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CR 10:201-215 (1998)  -  doi:10.3354/cr010201

Principal components-based regionalization of precipitation regimes across the southwest United States and northern Mexico, with an application to monsoon precipitation variability

Andrew C. Comrie1,*, Erik C. Glenn2

1University of Arizona, Department of Geography and Regional Development, Tucson, Arizona 85721, USA
2University of Arizona, Office of Arid Lands Studies, 1955 E Sixth St, Tucson, Arizona 85719, USA

ABSTRACT: We determine precipitation regions for the United States-Mexico border region based on seasonality and variability of monthly precipitation at 309 stations for the period 1961 to 1990. Using a correlation matrix of input data to avoid the effect of elevation on precipitation, we apply principal components analysis with oblique rotation to regionalize this large, climatologically complex study area. We examine the applicability of the method, 2 techniques for defining region boundaries, the various defined regions themselves, and the effects of transforming input data and changing obliquity of component rotation. We obtain 9 consistent and largely contiguous regions from each of the analyses, including regions for the North American monsoon, the low deserts, the California Mediterranean regime, and for summer precipitation regimes adjoining the Gulf of Mexico. The derived regions and associated boundaries make physical sense in terms of the driving atmospheric processes, and they are robust to transformed input data and changes in rotation procedures. The central border regions are remarkably consistent across analyses, with small changes to peripheral regions. We also identify 4 monsoon sub-regions, and we illustrate the applicability of the regionalization via an analysis of relationships between monsoon precipitation variability and 500 mb pressure heights. Significantly different 500 mb circulation patterns are associated with wet and dry monsoon seasons in each of the sub-regions, and it appears that shifts in 500 mb circulation relative to the geographic position of each sub-region influence seasonal precipitation variability, directly or indirectly. There are important differences between some sub-regions, but in general wet monsoons are associated with northward meridional bulging of the subtropical anticyclone over the continental monsoon areas, while dry monsoons are associated with zonal stretching of the subtropical anticyclone over adjacent oceans with slightly higher pressure-heights. Overall, the study provides a clear regionalization of the precipitation climatology for the southwest United States and northern Mexico, and shows its utility for studies of climate variability.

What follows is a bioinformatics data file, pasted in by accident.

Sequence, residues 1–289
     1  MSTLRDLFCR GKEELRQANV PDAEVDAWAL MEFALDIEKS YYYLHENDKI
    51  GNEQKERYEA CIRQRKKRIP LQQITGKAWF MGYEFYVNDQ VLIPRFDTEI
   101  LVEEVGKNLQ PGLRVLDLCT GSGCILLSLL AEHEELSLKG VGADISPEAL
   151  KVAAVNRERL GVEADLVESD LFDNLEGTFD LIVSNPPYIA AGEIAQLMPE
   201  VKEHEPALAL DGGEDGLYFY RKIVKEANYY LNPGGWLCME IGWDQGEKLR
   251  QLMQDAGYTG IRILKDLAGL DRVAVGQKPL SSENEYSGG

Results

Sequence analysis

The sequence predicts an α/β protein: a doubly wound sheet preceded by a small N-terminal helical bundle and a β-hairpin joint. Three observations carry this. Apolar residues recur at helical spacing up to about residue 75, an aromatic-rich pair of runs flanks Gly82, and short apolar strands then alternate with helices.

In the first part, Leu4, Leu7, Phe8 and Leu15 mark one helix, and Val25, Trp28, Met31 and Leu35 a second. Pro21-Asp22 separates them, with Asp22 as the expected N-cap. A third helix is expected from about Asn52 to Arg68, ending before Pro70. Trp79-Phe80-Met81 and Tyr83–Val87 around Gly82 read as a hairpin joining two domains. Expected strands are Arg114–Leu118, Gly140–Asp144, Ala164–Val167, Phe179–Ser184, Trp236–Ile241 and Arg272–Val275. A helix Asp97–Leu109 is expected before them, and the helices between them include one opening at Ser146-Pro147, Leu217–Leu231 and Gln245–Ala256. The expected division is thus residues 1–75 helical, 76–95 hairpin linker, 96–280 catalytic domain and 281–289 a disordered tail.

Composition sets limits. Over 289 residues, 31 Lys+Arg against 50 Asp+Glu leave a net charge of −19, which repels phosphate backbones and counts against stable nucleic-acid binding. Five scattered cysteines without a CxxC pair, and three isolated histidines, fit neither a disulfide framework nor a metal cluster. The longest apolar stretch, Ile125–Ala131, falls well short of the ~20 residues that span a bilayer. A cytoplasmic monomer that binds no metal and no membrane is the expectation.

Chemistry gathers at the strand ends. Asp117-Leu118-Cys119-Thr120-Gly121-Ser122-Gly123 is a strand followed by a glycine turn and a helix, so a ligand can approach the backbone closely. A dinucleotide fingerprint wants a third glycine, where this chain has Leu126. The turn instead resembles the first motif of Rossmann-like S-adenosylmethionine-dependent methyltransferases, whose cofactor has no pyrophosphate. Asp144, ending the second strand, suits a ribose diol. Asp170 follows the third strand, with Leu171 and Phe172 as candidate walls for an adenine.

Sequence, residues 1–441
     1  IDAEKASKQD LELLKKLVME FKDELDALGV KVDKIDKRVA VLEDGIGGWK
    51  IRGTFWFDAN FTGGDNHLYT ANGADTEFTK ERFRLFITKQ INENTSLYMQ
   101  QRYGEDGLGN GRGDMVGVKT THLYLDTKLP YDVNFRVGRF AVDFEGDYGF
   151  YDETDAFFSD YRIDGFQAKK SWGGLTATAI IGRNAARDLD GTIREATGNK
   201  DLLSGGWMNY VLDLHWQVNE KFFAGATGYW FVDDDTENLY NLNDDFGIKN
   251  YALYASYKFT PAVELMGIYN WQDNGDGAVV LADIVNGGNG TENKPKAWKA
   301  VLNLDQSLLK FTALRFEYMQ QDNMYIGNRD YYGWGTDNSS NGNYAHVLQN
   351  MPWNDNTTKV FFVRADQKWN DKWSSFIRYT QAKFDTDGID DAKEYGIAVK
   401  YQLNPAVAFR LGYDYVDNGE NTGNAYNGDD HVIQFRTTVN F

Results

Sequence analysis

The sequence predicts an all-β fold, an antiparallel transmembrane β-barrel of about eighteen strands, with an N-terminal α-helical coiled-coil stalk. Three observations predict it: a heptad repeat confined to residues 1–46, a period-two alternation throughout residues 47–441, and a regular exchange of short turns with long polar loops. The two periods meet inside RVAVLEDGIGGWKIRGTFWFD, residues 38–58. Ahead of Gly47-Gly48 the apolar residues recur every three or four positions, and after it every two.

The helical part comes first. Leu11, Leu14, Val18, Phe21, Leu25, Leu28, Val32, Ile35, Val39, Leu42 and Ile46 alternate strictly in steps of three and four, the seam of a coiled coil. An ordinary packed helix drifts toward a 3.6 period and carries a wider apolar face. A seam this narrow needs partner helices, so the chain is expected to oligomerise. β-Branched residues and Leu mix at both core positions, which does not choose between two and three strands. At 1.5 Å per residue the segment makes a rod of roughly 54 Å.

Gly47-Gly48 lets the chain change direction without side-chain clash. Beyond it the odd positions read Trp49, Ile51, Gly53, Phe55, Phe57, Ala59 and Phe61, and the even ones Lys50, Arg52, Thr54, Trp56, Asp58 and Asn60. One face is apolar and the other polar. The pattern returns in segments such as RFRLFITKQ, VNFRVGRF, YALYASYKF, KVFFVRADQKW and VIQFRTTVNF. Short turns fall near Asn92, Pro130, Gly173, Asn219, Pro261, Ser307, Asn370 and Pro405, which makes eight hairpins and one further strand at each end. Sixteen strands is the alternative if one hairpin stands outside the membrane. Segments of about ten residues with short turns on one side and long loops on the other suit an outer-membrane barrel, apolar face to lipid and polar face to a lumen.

KEY WORDS: Climate regionalization · Precipitation · Southwest United States · Northern Mexico · Principal components analysis · Monsoon variability

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